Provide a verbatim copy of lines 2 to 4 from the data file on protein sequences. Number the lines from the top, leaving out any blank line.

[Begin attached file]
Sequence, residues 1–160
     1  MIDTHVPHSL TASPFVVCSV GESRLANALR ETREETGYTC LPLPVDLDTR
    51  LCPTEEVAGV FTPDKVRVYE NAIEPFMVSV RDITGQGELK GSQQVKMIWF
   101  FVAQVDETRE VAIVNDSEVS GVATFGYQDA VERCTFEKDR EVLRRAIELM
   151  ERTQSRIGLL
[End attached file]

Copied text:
     1  MIDTHVPHSL TASPFVVCSV GESRLANALR ETREETGYTC LPLPVDLDTR
    51  LCPTEEVAGV FTPDKVRVYE NAIEPFMVSV RDITGQGELK GSQQVKMIWF
   101  FVAQVDETRE VAIVNDSEVS GVATFGYQDA VERCTFEKDR EVLRRAIELM